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Alexander Harrison, Alfred M. Moyle, Marcus Hanson, and Jerry Y. Harrington

1. Introduction The mass growth of ice crystals from the vapor is a key microphysical process, and yet quantifying the impact of ice surface processes on the mass growth rate remains a challenge. The surface processes through which vapor is incorporated into the crystal are not well understood and are typically approximated using growth efficiencies called “deposition coefficients” α . The deposition coefficient describes the fraction of impinging vapor molecules that incorporate into the

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Vaughan T. J. Phillips, Paul J. Demott, Constantin Andronache, Kerri A. Pratt, Kimberly A. Prather, R. Subramanian, and Cynthia Twohy

measurements. For dust, optical probes deployed there provided the data. For carbonaceous material, the data was from the Interagency Monitoring for Protection of Visual Environments (IMPROVE) at Mt. Zirkel nearby. Relative contributions ( α X ) from dust, soot, and insoluble organics to the total IN concentration at SPL were estimated from composition fractions observed during INSPECT and previous field campaigns in the background troposphere. Residual material was collected from ice crystals sampled from

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Paul J. Huffman and William R. Thursby Jr.

SEPTEMBER 1969 PAUL J. HUFFMAN AND WILLIAM R. THURSBY, JR. 1073Light Scattering by Ice CrystalsPAUL J. Hu~rmu~ A~D WILLIAM R. TltlYRSBY, JR.,~ CAPTAIn, USAFAir Force Cambridge Research Laboratories, Bedford, Mass.(Manuscript received 29 April 1969)ABSTRACT The relative scattering functions between 10- and 150- scattering angle have been measured for microscopic ice crystals grown in a laboratory cold chamber. All

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K. O. L. F. Jayaweera

?28 JOURNAL OF THE ATMOSPHERIC SCIENCES VonumE28Calculations of Ice Crystal Growth K. O. L. F. J.~-Aw~.~a,tDi, ision of Radiophysics, CSIRO, Sydney, Australia(Manuscript received 11 November 1969, in revised form 4 November 1970) The growth rates, and the masses to which the crystals grow at different times, are calculated for varioustemperatures using the electrostatic analogy and assuming that the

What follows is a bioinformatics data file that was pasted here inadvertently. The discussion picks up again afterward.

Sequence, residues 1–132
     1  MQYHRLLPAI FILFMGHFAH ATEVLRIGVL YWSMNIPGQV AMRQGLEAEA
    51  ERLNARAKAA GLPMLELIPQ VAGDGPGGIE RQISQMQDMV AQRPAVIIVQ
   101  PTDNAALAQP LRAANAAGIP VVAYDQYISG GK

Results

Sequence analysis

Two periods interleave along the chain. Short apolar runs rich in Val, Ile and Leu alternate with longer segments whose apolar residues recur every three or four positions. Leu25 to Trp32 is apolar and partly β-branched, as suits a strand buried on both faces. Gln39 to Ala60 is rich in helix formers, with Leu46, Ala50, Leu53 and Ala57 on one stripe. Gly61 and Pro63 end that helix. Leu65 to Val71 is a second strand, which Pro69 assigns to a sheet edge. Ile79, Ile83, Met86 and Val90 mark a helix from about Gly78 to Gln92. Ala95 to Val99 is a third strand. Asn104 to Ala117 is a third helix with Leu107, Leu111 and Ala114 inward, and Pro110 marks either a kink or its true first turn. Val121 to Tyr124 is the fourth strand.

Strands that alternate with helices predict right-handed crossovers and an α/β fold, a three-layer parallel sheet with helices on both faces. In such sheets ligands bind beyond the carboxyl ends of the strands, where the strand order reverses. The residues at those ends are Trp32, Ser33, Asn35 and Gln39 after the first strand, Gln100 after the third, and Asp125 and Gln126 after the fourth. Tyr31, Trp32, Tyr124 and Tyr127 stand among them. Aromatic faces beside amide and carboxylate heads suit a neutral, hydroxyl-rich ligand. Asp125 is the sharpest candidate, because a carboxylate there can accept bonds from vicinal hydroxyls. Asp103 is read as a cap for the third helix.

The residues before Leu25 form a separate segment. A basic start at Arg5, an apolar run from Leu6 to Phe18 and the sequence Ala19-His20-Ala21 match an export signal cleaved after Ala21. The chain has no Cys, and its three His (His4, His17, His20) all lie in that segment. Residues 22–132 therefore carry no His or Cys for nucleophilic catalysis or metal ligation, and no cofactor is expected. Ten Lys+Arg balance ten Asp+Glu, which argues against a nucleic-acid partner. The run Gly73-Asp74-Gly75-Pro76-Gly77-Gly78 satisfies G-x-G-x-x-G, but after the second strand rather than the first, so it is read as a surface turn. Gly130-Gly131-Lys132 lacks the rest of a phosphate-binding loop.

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R. I. Smith-Johannsen

532 JOURNAL OF THE ATMOSPHERIC SCIENCES VoLuu~;26Ice Crystal Agglomeration: T Formation R. I. Sm'ra-Jo~am~s~.sPhy~s Dtpt., Massa, huse#s I~titut~ of Technology, Cambridg~(Manuscript received 23 January 1969) Numerous agglomerates shaped somewhat like the letter T were observed among replicas of ice crystalscollected from laboratory ice clouds and replicated using the resin vapor technique. In fact, it

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Takeshi Ohtake and Rudolf G. Suchannek

AVmL1970 TAKESHI OHTAKE AND RUDOLF G. SUCHANNEK 289Electric Properties of Ice Fog Crystals TAKESHI OttTAKE1 AND RUDOL~ G. S~JCX-X~NNEXGeophysical Institute, University of Alaska, College, Alaska(Manuscript received 28 April 1969, in revised form 8 December 1969)ABSTRACT Electric properties of ice fog crystals were studied using uniform and nonuniform electric-fields. It wasobserved that natural and artificial

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S. C. Mossop and A. Ono

130 JOURNAL OF THE ATMOSPHERIC SCIENCES VO~.t0ME 26Measurements of Ice Crystal Concentration in Clouds S. C. Mosso~ ANn A. ONoRadlophysics Laboratory, CSIRO, Sydney, Australia (Manuscript received 25 July 1968)ABSTRACT Measurements of ice crystal concentration in five clouds in northern New South Wales are reported.These confirm earlier studies in which it was found that glaciated altostratus clouds

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Benjamin J. Murray, Christoph G. Salzmann, Andrew J. Heymsfield, Steven Dobbie, Ryan R. Neely III, and Christopher J. Cox

Ice crystals with threefold symmetry in the atmosphere may not be made of hexagonal ice. In late 1611, Johannes Kepler was pondering what he should give his friend and patron, Baron Wackher von Wackhenfels, as a New Year’s gift when a snowflake landed on his coat. He was struck with a perfect philosophical present for his patron: why do snowflakes have six corners rather than some other number, say, seven or five? In the pamphlet that Kepler produced as a gift for his friend, he presented the

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T. Kuhn, I. Grishin, and J. J. Sloan

describe a system for imaging of very small ice particles crystals and classifying them automatically with high speed and accuracy. In this report, we first describe a system for imaging very small ice crystals and a method for classifying them automatically with high speed and accuracy. Then, we demonstrate the capabilities of this system in a laboratory study of the early-stage growth of ice particles under precisely controlled conditions in a cryogenic laboratory flow tube. 2. Particle imager a

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August H. Auer Jr.

MARCH1972 AUGUST H. AUER, JR. 311Inferences about Ice I~lucleation from Ice Crystal Observations AvGVST H. AUER, JR.Dept. of Atmospheric Resources, University of Wyoming, Laramie 82070(Manuscript received 23 April 1971, in revised form 1 November 1971)ABSTRACT The total concentration of ice crystals found in natural cap clouds appears to result from the nucleatingbehavior of at least

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